I haven’t lived the way much of anyone I know has – including my children. Cait has sometimes called about her confusion with what she wants to do, how she earns money, and how those work together. Well, in college and after coming out of college, I seldom (never?) thought about a career, the future, anything beyond the next day or week. I might as well have been Billy Bob sitting on his porch and scratching, not somebody with an Ivy League education.
I don’t relate to careers, never did. I just live (often unhappily, I admit), so I don’t know what to say. I don’t have advice, because I don’t have experience with parental advice, having received little or none myself. I never asked for it, never would have thought of asking for it, never cared what my parents thought about it, never really considered that they thought beyond the immediate.
Also life was quite different in the ’50s and ’60s – not better or easier, but different. When he came up here to give a concert, Geoff Muldaur reminded me, and rightly, that we in the ’60s were blessed with a wandering freedom that’s mostly lost now. But the difference between me and my kids (or at least Cait) comes to more than that. It’s a different way of thinking. What does it mean not to consider, care about, even have an idea of a career, of being geared to tomorrow?
(There’s a hint of that in Hermann Hesse’s Narcissus and Goldmund, as I remember it form years back.)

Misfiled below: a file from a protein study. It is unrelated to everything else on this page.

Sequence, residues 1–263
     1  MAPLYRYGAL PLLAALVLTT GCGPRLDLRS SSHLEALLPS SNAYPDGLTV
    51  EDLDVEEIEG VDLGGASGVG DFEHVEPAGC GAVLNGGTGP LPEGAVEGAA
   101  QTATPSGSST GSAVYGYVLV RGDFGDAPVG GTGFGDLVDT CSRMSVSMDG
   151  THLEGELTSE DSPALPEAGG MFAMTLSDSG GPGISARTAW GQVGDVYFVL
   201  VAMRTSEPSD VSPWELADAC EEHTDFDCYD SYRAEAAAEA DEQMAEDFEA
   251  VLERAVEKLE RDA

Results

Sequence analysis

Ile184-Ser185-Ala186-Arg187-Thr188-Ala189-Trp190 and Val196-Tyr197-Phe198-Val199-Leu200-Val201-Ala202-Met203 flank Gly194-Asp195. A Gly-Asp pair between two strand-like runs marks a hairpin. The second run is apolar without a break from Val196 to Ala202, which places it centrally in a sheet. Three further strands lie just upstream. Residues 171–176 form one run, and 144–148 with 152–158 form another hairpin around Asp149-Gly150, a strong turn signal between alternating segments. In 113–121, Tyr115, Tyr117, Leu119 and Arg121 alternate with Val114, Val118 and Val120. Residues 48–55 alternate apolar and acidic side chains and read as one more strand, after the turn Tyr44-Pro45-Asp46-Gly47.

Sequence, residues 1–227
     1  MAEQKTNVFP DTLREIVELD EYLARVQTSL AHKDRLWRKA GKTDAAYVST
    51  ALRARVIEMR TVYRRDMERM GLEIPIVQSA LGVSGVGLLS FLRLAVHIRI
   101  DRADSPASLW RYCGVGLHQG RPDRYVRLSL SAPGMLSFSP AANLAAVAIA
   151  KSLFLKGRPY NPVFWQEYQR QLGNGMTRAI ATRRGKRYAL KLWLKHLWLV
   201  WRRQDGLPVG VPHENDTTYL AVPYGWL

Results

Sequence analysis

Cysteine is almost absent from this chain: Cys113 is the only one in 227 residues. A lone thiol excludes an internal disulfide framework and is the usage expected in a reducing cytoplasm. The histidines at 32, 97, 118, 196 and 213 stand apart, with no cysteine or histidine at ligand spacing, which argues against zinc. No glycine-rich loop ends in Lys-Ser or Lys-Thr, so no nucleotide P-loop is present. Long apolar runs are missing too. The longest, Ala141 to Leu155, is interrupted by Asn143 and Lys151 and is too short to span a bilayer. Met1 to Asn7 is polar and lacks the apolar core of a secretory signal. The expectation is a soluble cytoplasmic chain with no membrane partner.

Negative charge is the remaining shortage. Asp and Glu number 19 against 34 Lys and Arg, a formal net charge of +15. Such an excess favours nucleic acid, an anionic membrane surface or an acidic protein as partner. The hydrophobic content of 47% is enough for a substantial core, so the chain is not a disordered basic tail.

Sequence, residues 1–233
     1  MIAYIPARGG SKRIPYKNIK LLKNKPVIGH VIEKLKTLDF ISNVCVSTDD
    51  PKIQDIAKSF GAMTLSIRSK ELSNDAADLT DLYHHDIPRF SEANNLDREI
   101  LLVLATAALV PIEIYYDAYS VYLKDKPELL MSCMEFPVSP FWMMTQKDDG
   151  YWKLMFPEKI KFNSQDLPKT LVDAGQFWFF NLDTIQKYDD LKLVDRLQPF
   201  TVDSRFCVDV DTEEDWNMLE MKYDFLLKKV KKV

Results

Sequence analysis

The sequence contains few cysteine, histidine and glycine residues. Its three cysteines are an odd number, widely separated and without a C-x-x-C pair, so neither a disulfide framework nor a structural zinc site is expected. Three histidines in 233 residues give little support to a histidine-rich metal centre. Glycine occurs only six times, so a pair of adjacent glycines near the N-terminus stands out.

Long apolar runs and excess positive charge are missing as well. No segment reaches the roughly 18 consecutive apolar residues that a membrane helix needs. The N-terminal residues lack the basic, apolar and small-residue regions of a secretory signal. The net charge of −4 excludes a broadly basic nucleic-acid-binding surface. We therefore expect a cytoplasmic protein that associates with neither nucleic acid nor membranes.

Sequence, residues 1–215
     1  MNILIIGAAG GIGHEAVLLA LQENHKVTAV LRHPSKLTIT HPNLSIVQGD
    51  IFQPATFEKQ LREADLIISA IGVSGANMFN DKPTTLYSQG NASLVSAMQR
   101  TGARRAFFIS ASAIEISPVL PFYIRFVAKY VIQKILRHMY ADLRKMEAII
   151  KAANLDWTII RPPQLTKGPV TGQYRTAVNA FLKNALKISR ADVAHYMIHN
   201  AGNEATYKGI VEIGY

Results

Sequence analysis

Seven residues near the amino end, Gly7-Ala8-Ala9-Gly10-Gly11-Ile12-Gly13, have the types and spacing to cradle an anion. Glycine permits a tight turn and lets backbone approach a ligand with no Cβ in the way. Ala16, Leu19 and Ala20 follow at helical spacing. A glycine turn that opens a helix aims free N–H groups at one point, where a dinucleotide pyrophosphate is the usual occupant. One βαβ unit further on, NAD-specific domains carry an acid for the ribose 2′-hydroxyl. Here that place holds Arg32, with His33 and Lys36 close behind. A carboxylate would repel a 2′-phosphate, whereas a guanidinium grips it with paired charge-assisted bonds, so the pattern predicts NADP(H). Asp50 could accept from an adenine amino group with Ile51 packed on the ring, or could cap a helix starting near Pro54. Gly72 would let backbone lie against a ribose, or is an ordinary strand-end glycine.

These days, what I do think about is how we can untangle what is personal to the individual, what is societal, what is broadly human, and how, in daily life, to pin them down, say anything particular about them.
I know Cait and Morgan have gone to therapists (don’t know about Erin, except for the few times we dragged her to family therapy, where she rebelled quite effectively). I have no desire to talk to a neutral someone who is not already part of my life, about my family, my problems, my relationships (a term I abhor). Someone I don’t already personally trust, someone I pay to listen to me. I see its value for others, but for me it’s off-putting if not repulsive. It’s not that I think a therapist could never help me, but that it would be a selling of my soul. I know I sound like a social troglodyte, but at least I deal with all the shit I hate in my life (most if it badly) and still keep going.
What’s my closest thing to a “career”? I’ve written stories and novels that I’ve failed to promote and, if it weren’t for self-publishing online, they’d have died with me, as I’m sure they do for the hundreds, if not thousands of those out there who can write as well as anyone published. But I think no one (even myself) knows how completely I believe in what I’ve written. It’s the only thing I’ve done in my life that I can look back on and say, unequivocally, Yes.
What would it have meant if I’d died younger? My father had a heart attack at 71 but might have gone on for at least another decade if he hadn’t been killed by a fire in his room. My four stents have, without doubt, saved my life and let me get this far, to finally realize that I can do something that could be remembered, which I never before thought possible (and early on never thought about at all).